I’m still a big believer in diversifying interests and think multiple blogs are a good strategy – however one needs to keep balanced and realistic in the way they spend their time. Afterall – bloggers working by themselves on multiple blogs can only really sustain so many blogs without the quality of their work (their fruit) suffering so once you get to a point of working at capacity – one smart way to grow is to ditch the unproductive areas to focus on what is working.

update: The more I ponder this topic (and I apologise for it’s longwindedness, I’m thinking outloud somewhat) the more I find myself thinking of a book I read in my last holidays called The 80/20 Principle: The Secret to Success by Achieving More with Less by Richard Kosch.

In the book Richard argues that 80% of results usually comes from 20% of efforts. In identifying where the productive stuff happens you can increase productivity. Pruning the unproductive parts can help in this process.

About Darren Rowse
Darren Rowse is the founder and editor of ProBlogger Blog Tips and Digital Photography School. Learn more about him here and connect with him on Twitter, Facebook and LinkedIn.
  1. Thoreau’s famous quote sounds good here, “simplify, simplify, simplify…”

    I can appreciate where you’re going with this one, though I’m probably a hyperminimalist myself.

    The temptation to do more once a little success comes along is almost inescapable… I think one answer is to keep pounding on that one (or, in your case Darren, several) thing(s) and to not give in to the distractions that the success brings.

    And yes, remember to prune in the spring.

  2. Hey Darren,

    You could always sell off the “little ones” and possibly make a profit from them that way.

    I know some vegars that buy the little tomato’s because they think they are worth eating.

    Just a thought.


  3. Hi Darren, we don’t talk too much but I guess we know each other (you personally read and approved my b5 application)…

    I can’t help but wonder if you were thinking of b5 when you thought of ‘sucker’ blogs… b5 has a lot of them, and some of them must be underperforming… As a pro in this field you must recognise what makes a good blog, and I can’t help but think that you MUST regard some of our blogs as suckers…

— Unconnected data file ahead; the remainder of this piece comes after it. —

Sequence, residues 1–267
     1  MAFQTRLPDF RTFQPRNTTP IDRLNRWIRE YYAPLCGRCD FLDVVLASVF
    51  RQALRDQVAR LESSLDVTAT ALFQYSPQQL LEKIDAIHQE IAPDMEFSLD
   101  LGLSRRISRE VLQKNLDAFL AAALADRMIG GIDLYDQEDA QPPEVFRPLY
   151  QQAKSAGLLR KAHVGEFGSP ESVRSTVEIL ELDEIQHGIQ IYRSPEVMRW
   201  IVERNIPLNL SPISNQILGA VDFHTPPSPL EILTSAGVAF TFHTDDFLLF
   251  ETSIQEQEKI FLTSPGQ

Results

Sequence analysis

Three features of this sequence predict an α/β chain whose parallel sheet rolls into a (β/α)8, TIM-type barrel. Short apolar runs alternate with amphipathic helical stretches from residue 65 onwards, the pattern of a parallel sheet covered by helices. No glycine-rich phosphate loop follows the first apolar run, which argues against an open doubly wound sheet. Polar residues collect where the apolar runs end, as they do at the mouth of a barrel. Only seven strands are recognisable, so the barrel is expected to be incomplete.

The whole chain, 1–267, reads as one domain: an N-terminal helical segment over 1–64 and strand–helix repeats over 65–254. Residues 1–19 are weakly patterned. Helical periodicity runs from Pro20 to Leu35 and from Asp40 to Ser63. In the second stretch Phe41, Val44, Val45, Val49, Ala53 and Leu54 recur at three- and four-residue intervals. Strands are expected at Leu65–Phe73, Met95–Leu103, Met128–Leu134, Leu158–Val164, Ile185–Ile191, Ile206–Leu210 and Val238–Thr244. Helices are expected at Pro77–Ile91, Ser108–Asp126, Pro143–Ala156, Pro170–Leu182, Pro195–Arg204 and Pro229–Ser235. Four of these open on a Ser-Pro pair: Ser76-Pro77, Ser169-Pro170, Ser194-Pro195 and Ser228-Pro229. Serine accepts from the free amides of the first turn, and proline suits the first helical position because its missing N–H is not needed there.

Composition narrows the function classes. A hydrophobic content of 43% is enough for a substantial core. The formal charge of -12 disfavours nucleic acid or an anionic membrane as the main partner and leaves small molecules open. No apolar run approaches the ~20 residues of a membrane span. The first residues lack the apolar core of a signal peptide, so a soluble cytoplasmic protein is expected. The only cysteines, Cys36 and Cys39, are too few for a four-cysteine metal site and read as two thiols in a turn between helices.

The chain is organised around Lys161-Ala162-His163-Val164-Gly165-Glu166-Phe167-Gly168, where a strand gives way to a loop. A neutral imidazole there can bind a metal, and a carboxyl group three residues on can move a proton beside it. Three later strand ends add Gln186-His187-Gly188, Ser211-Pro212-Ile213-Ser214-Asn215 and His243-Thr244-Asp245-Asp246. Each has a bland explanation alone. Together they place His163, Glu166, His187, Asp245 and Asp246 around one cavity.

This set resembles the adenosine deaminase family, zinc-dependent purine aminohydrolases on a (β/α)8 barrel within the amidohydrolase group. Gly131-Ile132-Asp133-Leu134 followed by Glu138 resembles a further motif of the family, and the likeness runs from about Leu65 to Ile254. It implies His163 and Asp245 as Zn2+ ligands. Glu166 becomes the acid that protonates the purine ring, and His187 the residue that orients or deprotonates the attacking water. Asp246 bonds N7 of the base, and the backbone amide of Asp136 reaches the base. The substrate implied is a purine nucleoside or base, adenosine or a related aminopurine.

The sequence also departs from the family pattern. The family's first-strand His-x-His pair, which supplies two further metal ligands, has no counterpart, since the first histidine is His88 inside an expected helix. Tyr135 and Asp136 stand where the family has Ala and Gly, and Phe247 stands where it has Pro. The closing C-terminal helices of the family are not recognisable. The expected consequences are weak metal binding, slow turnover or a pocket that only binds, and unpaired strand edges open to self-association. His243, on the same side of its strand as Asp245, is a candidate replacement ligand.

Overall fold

I’m not saying you’re preaching the whole ‘do as I say don’t do as I do’ mantra (you said yourself that you were thinking of your own blogs at the time), but there must be some blogs on b5 that don’t fit into the ‘niche market’ you’re always aiming for… They take up server space, bandwidth and manpower… They all, ultimately, cost money…

    I understand that yourself, Duncan, Shai and the mighty, mighty J aren’t running b5 to make a shed-load of money (although it must be on the itinerary somewhere), but b5 is currently standing at over 70 blogs. Are we spreading ourselves a little thinly?

    I guess my question is this: I know you have confidence in this venture (and believe me, I’m forever grateful for the opportunity to blog for b5), but are yourself and the others looking at pruning blogs closer to home than you’d like to say?

    I’m asking as a proto-professional in this field… I certainly don’t have anywhere near the cumulative experience under the belts of the four of you that are truly behin b5, but the question still stands… No disrespect meant, personal or professional, but I imagine it must have crossed your mind.

    I hope I haven’t spoken so loudly as to draw ire from you, but, as a b5 blogger, that was the first thing that leapt to mind…

  4. I’d just put those ” suckers ” up for sale.

    After all, they could be worth $70,000 each.

  5. Jonic,

    actually I wasn’t thinking of b5 at all. I think after just a few months that it’s way to soon to judge them. I’m sure there are some there that won’t perform as well as others, however in doing my latest tour of them all yesterday I can say that all of them are doing better than my worst blog or two in terms of traffic already.

    Pruning b5 blogs is not something we’ve had on our agenda at all to this point. We have decided to stop taking on new blogs that are not already in the pipeline though so that we can concentrate on raising the quality of what we’ve got so that is in the same spirit of this post I guess.